GE, Nvidia, Nordstrom, Bitcoin All Tank, And The Fed Notices

Friday, November 16, 2018
By Paul Martin

By: John Rubino
Friday, 16 November 2018

The sense that something isn’t right out there just got a lot stronger. And the Fed, in response, is now tiptoeing back towards QE. Let’s start with the sudden bad news:

Chipmaker Nvidia plunges after missing on revenue and guidance

(CNBC) – Nvidia stock fell as much as 19 percent Thursday after the company reported earnings for the third quarter of its 2019 fiscal year, which ended on Oct. 28.

The chipmaker fell short of analyst expectations on guidance despite beating on earnings and revenue estimates. The company’s cryptocurrency mining products suffered a hefty decline in that quarter, and the trend continued in the fiscal third quarter.

It has become less profitable to use graphics processing units, or GPUs, for mining, according to a recent analysis by Susquehanna. To mine cryptocurrency, computers compete to solve complex math problems in exchange for a specific amount of bitcoin or ethereum. But as both currencies have sunk in value, so too has this segment of revenue for Nvidia.


Why GE’s Credit Problem Is a Warning to All Debt Investors

(New York Times) – General Electric may be the canary in the credit market’s coal mine.

The company’s bonds fell sharply this week even as an asset sale briefly lifted its shares. That’s a warning shot for all debt investors. American companies owe more money than ever, and the quality of their loans and bonds has deteriorated. Rising interest rates and slowing growth could make this a big problem.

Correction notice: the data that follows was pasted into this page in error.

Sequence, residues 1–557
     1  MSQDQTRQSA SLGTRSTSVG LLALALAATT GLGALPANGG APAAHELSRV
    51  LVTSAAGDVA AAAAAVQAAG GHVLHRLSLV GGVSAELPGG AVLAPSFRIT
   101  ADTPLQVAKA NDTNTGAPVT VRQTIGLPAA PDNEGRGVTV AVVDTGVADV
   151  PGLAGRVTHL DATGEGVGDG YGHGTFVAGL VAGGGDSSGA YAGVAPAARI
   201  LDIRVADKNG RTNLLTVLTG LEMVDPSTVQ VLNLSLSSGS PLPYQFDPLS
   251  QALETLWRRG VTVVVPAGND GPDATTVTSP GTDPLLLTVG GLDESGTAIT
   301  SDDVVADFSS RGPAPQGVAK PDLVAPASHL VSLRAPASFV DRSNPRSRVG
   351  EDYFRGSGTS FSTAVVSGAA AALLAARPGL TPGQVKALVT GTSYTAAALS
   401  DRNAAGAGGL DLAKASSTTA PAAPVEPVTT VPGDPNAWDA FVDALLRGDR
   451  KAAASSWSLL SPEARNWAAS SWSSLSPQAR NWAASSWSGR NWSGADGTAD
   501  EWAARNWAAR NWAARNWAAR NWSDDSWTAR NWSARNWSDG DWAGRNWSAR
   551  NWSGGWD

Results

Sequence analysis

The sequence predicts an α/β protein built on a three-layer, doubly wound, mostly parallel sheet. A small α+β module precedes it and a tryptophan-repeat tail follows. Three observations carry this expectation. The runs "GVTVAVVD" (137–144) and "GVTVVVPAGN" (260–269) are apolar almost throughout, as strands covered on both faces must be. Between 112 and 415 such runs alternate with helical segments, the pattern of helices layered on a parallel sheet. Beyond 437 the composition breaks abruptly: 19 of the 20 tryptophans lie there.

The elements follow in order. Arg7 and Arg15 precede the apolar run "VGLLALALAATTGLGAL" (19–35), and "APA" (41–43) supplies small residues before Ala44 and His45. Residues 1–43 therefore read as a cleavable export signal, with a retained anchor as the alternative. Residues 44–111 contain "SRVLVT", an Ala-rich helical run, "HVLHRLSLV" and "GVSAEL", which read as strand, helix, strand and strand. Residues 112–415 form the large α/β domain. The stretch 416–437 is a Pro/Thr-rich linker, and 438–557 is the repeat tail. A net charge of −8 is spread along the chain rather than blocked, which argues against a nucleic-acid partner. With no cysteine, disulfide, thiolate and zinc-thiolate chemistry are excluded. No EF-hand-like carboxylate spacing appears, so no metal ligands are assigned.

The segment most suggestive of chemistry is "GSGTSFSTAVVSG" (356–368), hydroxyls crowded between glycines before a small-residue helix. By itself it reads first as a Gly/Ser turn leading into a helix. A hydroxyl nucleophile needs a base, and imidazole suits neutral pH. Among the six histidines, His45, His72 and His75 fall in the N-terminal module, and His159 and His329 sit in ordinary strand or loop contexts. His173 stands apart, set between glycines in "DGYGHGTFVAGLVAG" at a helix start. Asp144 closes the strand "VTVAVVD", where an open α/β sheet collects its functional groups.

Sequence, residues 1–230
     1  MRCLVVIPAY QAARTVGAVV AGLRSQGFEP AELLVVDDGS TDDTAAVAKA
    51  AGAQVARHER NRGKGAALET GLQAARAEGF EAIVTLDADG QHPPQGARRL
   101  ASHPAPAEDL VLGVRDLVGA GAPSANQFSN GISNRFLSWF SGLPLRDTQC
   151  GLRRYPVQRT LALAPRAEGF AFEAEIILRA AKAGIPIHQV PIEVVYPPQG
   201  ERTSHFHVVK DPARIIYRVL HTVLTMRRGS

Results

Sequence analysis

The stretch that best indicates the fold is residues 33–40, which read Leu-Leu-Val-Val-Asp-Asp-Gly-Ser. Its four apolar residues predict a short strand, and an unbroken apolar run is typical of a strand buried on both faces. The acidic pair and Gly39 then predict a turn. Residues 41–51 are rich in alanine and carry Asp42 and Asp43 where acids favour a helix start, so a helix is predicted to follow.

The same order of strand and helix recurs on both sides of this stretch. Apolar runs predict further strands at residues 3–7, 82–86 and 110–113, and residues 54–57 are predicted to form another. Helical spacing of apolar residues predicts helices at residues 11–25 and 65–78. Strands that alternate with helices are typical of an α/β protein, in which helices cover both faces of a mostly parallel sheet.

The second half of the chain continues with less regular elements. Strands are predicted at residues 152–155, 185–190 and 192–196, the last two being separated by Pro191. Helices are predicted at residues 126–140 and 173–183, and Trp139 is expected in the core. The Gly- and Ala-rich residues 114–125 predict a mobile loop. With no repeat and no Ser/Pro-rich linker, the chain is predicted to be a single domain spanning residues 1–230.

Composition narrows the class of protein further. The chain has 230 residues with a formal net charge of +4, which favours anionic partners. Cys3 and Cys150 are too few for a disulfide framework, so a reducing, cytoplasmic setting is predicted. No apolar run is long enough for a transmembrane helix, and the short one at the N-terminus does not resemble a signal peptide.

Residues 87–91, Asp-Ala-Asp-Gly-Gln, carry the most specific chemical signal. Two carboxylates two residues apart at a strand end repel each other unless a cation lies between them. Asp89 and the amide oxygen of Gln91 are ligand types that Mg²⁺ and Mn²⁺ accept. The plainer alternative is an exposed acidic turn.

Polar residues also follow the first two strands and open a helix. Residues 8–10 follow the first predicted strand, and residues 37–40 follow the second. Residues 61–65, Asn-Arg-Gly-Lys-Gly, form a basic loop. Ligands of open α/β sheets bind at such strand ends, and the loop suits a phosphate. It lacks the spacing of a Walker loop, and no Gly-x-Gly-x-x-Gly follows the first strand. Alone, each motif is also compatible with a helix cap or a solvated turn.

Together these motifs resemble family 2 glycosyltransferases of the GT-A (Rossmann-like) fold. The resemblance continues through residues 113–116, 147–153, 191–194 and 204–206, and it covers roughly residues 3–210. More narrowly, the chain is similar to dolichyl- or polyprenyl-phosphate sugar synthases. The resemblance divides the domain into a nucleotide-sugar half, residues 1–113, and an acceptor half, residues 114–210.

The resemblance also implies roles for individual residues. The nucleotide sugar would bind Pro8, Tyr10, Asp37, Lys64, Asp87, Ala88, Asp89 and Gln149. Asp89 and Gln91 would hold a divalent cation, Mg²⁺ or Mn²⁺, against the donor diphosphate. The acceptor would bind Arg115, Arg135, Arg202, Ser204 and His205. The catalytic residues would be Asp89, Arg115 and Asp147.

The ailing $75 billion conglomerate is an extreme case, but it exemplifies much of what has happened in corporate America and around the world over the past decade. Historically low interest rates fueled a massive borrowing boom, enabling healthy companies to expand operations or buy back shares, and zombies to keep staggering along.

United States nonfinancial corporate debt stands at a record level of more than 73 percent of gross domestic product, according to the Bank for International Settlements. It never exceeded 65 percent before the 2008 financial crisis. France’s corporate debt-to-G.D.P. ratio has risen by nearly a third over the past decade, and China’s by more than two-thirds.

This growing quantity has been accompanied by a marked decline in quality. GE, which recently lost its coveted single-A credit rating, is again illustrative. Many other U.S. companies have been downgraded. As a result, the debt of those carrying triple-B ratings — the lowest investment-grade category — more than doubled from pre-crisis days to a record $2.7 trillion at the end of 2017, according to S&P Global Ratings.

The Rest…HERE

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